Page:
av leddsetninger” (“The Necessity of Dependent Clauses”). Translated literally from Norwegian, “leddsetninger” means “joint sentences.” The word reflects how a joint (“ledd”) links two components together. This differs from the English term “dependent clauses,” which suggests something that is dependent, secondary, or subordinate. The exhibition consisted of sculptures made from old book boxes, films of a woman attempting to balance a box on her head, and a number of postcards of seats, sculptures, and architectonic elements. All the works in the exhibition thematized or drew attention to supporting structures of various types.  

Photo: Eline Mugaas 

Could you say a little about your thoughts on something being necessary, and on the supporting structures that you call attention to in your work? 

– Necessity has to do with meaning. I’ve always defined myself on the basis of what I’ve made, right since I was a child. The title “The Necessity of Dependent Clauses” came about because I’m interested in the precise idea that one builds something complex out of something that in itself cannot stand alone. The words “joint clauses” gave me a concrete image of the joints of the human body – like an elbow, an arm that is carrying something, a dancer’s arm being raised. This flexibility allows more rigid structures to be bound together, it makes a flatter hierarchy. Necessity says something about how something is precarious. 

Over the last decade, Mugaas has also worked purposefully to draw public attention to the artistic career of an older female colleague – Siri Aurdal. Her efforts resulted, among other things, in a two-person exhibition and a publication, and led to her continuing interest in supporting structures – in things which in one context make something else possible and visible, but  are seldom visible themselves. 

– Working with Aurdal I have investigated what it means as an artist to use my time, my gaze, my energy, and my networks to call attention to someone else’s work. It has given me an inside experience of being a support structure, something that is expected to be invisible. And the fact that I didn’t make myself invisible was perceived by some as contaminating the interpretation of Aurdal’s artistic practice. As an artist I took on a role that did not fit with a non-contextual approach to art history and canon.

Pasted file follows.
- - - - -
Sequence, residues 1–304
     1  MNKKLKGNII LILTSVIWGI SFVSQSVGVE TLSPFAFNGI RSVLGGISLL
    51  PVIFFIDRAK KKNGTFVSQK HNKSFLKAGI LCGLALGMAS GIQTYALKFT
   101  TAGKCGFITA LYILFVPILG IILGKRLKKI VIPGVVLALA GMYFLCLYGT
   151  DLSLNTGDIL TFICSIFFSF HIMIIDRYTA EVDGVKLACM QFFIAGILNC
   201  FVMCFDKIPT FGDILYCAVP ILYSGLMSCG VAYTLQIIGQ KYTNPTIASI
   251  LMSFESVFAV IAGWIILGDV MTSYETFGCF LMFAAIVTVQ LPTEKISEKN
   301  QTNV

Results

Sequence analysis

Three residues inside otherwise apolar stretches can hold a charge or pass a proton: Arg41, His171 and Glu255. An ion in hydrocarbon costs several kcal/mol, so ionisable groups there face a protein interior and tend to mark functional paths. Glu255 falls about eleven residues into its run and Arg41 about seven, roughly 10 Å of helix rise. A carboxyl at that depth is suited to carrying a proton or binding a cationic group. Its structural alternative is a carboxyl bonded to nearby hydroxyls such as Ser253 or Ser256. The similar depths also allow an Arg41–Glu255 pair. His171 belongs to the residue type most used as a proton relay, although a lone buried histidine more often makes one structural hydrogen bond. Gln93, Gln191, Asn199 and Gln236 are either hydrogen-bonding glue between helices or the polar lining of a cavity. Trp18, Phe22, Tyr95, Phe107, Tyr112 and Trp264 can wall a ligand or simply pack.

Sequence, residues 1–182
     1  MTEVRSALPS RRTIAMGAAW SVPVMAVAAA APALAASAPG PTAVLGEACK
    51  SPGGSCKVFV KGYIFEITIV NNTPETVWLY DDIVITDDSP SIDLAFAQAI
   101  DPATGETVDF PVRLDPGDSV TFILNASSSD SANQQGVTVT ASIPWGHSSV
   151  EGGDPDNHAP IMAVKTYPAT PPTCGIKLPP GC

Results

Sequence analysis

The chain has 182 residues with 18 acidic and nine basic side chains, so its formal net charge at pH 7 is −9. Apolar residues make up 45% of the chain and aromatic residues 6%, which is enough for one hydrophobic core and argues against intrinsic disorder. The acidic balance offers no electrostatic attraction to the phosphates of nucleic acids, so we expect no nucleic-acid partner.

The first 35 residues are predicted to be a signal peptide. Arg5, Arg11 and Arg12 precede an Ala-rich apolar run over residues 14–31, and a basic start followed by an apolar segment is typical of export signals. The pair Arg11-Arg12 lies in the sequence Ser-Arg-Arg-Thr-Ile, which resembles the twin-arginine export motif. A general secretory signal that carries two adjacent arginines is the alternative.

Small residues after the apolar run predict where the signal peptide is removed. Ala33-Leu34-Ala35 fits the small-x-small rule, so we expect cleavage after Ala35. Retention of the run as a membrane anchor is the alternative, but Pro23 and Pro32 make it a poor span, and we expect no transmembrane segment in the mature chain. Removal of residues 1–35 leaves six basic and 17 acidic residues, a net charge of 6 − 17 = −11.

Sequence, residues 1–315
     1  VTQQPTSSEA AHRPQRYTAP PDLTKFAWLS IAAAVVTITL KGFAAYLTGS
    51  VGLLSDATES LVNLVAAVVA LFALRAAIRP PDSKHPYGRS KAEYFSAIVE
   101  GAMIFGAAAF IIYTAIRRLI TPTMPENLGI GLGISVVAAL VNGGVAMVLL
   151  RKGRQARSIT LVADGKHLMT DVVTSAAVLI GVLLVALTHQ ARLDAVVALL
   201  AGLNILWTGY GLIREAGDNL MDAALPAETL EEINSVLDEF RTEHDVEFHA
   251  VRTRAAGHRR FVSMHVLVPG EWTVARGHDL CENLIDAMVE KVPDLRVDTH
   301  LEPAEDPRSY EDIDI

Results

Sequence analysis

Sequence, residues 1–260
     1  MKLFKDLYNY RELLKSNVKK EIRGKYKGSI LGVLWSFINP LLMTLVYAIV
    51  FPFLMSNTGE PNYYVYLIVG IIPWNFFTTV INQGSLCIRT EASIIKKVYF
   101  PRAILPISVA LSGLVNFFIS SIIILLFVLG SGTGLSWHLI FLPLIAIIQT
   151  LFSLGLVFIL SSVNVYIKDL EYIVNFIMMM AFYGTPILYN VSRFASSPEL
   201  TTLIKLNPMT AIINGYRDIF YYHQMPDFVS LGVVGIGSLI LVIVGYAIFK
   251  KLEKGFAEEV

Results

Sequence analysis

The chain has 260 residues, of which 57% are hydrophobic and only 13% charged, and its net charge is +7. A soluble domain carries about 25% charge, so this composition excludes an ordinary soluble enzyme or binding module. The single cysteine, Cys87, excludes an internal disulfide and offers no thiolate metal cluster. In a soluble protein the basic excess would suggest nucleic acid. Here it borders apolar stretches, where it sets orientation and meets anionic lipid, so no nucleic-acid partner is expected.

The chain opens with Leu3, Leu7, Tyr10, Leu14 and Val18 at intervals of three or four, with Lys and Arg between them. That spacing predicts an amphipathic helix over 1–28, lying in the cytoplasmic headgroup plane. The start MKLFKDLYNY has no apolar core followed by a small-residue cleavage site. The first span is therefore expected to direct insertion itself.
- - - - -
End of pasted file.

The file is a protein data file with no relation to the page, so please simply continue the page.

– What or whom is it that’s doing the lifting, and who is being lifted? And when does something become invisible, or become superfluous? It has been essential for me to continue to work on this theme. Is there any way to bestow equal status on what is on display and the display mechanism, namely the person or the object that is holding it up? I see it as an impossible task, for as soon as you put something on a pedestal, for example, the pedestal subsides. A support apparatus is by its very nature not intended to be seen, to draw attention to itself. But is something unnecessary just because you don’t see it? It turns out at closer inspection that you can’t remove the support. 

– This point about invisibility also has much larger implications. These are linked to the struggle for women’s rights, the struggle against the continual concealment of the structures and networks that are at play. Like the idea that when you succeed as an artist, what you have accomplished you have done all on your own. This is an illusion, of course. In addition, it conceals those factors that have enabled male artists to make their breakthroughs, and which have made it difficult for many female artists to do the same, because they have often stood outside the system – outside the network.  

– By directing your gaze at something, you give it visibility and value, and as an artist that is one of the tools you work with. When you move your gaze from your own work to that of another artist, it becomes obvious what weight this gaze has. There is a line in this social game between being self-confident – having faith in your own project – and appearing to be crassly self-promoting. And my experience is that this line is drawn much sooner for women than it is for men.